A £100,000 donation into a popular sailing scheme could be set to encourage thousands of youngsters to take up sailing in the coming years. The Chesil Trust – which oversees the Sail for a Fiver scheme – received a cheque from Elma Shipley, in memory of her husband Rod who passed away in 2012.
The funding will provide two sailing boats to the Chesil Sailability scheme, which recently celebrated its ten year anniversary.
Olympic medalist and patron of the Chesil Trust Simon Hiscocks received the cheque, alongside chairman of the Trust Di Ludlow.
Ms Ludlow said that the memory of Rod will live on through the scheme and that it will be renamed the ‘Rod Shipley Sail for a Fiver’ scheme in recognition and thanks for the donation.
“The Sail for a Fiver scheme has enabled more than 12,000 Dorset children between the ages of 10 and 11 to experience sailing on our Olympic waters,” she added.
It is now hoped that the investment will encourage an even greater number of youngsters to get involved in sailing, helping to build on the legacy left behind by the Olympic Games in 2012.
Adam Greaves first took part in the scheme seven years ago, having never tried sailing, and after experiencing regional success, he is urging others to give it a go.
“Many children who live around here have probably never tried sailing but they should,” he said.
Working alongside local providers, the Trust ensures that Year 6 schoolchildren can sail for just £5 by covering any additional costs.
If you’ve been inspired to give sailing a go, or would just like to see what it’s all about, then there are a number of other courses as well that can help you learn to sail.
Beginners’ courses can help to teach you all the necessary basics, while those wondering how long it can take to learn how to sail successfully can find out here.
A number of events exist for beginners to test themselves and they can put all that they have learnt into action.
These courses can cover all of the basic elements from sailing in a straight line to changing direction, as well as a number of relevant safety aspects.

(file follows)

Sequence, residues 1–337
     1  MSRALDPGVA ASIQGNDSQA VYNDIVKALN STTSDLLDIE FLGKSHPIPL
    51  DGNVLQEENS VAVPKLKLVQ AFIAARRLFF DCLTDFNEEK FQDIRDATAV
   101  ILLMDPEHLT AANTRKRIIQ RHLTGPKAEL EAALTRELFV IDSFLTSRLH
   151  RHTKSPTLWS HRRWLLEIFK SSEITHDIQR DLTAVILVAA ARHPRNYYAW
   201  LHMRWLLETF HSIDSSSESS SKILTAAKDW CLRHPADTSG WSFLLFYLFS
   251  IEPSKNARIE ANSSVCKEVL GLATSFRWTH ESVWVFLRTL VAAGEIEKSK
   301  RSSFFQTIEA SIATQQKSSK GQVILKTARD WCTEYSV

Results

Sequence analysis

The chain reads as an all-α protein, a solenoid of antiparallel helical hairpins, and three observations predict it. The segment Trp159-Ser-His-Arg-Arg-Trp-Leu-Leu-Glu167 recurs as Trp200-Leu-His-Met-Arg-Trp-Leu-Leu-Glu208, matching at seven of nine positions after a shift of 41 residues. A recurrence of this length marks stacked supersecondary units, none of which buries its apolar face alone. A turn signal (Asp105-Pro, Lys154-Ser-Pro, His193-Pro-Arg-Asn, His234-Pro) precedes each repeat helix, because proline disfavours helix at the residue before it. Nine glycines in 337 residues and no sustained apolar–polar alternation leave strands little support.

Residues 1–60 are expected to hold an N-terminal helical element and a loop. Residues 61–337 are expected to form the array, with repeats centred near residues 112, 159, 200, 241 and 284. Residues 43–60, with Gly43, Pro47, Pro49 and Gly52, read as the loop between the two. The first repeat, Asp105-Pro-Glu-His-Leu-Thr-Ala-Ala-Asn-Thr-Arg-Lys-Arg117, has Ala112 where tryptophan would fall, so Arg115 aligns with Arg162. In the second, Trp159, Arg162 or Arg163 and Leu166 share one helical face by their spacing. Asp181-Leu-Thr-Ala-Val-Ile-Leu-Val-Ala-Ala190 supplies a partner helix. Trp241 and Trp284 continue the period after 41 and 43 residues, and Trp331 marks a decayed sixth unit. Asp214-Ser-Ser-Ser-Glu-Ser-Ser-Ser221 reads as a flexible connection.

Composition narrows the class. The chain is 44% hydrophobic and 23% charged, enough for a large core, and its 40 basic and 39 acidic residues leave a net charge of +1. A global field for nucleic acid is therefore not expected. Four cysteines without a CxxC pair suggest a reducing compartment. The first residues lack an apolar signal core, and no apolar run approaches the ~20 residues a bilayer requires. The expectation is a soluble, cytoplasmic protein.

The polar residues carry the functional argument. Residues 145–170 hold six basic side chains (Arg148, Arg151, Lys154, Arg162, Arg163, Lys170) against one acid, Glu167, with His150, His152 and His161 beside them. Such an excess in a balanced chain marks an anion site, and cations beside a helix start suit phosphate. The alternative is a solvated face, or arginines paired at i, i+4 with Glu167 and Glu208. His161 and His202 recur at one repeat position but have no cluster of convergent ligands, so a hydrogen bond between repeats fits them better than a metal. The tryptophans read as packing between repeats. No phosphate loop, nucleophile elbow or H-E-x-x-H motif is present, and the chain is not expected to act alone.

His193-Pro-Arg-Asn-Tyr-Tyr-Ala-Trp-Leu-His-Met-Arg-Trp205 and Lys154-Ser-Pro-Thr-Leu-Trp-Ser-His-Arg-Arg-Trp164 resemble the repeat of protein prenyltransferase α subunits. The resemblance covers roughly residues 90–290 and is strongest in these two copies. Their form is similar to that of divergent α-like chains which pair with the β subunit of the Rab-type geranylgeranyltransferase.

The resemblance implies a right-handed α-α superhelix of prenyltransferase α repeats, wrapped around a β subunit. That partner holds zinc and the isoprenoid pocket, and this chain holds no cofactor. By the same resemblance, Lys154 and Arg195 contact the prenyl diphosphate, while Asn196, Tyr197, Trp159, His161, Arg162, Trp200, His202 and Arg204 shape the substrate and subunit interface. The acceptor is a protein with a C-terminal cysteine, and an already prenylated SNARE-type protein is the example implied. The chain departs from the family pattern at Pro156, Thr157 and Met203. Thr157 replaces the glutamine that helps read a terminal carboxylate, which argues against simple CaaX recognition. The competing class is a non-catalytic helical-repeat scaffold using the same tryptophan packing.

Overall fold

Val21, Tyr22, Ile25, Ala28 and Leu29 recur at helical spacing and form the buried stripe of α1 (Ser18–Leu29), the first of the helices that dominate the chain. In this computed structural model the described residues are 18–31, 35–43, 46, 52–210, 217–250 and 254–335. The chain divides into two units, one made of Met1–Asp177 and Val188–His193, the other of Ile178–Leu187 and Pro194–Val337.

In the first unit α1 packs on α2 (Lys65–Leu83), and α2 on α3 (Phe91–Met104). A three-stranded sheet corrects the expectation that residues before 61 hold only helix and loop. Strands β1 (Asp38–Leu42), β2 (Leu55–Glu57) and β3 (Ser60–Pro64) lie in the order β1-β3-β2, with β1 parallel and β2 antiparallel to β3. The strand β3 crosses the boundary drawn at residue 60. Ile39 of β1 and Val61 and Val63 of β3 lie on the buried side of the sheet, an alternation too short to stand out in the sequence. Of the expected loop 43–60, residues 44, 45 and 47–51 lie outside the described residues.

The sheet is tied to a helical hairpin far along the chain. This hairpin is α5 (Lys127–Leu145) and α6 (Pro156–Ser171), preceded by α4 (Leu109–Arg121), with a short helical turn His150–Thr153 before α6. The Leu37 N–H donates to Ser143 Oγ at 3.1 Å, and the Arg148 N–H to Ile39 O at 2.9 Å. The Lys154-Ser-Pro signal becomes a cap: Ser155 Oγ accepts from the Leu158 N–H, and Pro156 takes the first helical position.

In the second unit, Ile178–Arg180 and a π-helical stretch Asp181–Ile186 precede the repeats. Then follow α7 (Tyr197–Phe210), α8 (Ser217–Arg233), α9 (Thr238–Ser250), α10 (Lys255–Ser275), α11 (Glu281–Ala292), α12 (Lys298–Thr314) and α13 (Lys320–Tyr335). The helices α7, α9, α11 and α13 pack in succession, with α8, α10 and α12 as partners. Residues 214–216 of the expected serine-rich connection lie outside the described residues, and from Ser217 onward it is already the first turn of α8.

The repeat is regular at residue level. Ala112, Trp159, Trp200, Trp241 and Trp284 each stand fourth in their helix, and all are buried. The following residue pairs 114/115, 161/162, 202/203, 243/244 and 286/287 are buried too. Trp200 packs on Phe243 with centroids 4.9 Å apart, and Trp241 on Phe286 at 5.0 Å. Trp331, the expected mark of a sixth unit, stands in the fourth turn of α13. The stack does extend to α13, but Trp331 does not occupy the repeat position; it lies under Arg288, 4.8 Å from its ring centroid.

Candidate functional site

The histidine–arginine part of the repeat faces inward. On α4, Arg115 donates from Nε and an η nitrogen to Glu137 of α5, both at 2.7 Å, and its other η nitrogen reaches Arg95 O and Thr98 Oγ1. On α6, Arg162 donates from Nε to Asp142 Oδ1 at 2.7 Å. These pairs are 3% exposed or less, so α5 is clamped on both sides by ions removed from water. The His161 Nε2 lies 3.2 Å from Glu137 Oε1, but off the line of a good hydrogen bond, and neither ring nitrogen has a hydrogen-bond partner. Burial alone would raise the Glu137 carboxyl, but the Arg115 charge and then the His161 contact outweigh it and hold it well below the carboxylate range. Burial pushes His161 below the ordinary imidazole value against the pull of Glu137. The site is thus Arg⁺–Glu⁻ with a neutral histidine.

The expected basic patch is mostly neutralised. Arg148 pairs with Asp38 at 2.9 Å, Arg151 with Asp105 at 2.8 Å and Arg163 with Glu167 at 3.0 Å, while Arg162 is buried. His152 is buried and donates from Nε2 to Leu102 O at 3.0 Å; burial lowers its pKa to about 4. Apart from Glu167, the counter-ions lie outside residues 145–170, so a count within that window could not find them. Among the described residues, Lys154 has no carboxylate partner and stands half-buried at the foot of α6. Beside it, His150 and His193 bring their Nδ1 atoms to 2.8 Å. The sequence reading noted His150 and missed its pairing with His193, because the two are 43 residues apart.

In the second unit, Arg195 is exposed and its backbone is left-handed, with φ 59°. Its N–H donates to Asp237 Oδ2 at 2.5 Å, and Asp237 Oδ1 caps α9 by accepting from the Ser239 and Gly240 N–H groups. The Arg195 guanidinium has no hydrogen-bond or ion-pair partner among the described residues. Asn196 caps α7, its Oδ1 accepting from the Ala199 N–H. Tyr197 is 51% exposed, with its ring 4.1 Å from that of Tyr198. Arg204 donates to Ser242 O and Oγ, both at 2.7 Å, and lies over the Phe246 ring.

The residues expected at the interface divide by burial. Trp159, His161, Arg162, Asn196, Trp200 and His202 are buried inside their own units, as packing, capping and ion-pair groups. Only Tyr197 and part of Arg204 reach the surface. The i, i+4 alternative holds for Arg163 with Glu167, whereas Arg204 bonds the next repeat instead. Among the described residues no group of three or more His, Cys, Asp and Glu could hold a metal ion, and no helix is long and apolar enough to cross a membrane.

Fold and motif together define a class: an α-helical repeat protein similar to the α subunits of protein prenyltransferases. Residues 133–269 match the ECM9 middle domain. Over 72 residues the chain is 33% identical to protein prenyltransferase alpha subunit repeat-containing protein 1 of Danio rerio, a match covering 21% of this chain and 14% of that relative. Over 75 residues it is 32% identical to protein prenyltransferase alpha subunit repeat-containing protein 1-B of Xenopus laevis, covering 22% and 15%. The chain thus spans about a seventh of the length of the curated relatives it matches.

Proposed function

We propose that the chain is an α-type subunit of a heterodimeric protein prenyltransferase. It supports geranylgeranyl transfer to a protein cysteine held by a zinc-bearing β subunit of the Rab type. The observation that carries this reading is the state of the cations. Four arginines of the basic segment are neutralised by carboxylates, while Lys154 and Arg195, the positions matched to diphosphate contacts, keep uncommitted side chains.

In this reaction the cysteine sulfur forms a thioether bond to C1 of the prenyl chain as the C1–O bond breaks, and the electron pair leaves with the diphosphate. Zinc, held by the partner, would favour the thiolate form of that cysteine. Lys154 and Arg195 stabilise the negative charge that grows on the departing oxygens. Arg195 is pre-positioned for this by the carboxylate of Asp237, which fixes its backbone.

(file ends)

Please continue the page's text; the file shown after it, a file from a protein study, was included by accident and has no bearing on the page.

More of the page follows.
Once sailors have mastered the basics, additional first aid and survival courses are available to provide more in-depth information of how to deal with any potential emergencies at sea.
These will often focus on how to recover people from the water in the event of them going overboard, and on the necessary steps required in aiding a recovery.
Once the basics are mastered, it’s possible to try out several more advanced options, from undertaking day skipper training to learn how to command a vessel to using other boats with the help of powerboat courses and yachtmaster training.
All boats are different and all require different techniques in order to enjoy the best possible sailing experience.
These advanced courses will also teach people the necessary skills to compete in higher level sailing competitions – ideal for those with a competitive streak.
It is always possible to improve as a sailor and it is why many people take so much enjoyment from being on the water.
All courses are designed to develop people into even better sailors and offer a great range of benefits and skills.
Taking up sailing offers something very different to more traditional sports and provides an opportunity for people who may otherwise not be that active.
Sailing represents a healthy way of enjoying all that the great outdoors has to offer, and generous donations such as that from Mrs. Shipley only stand to enhance that.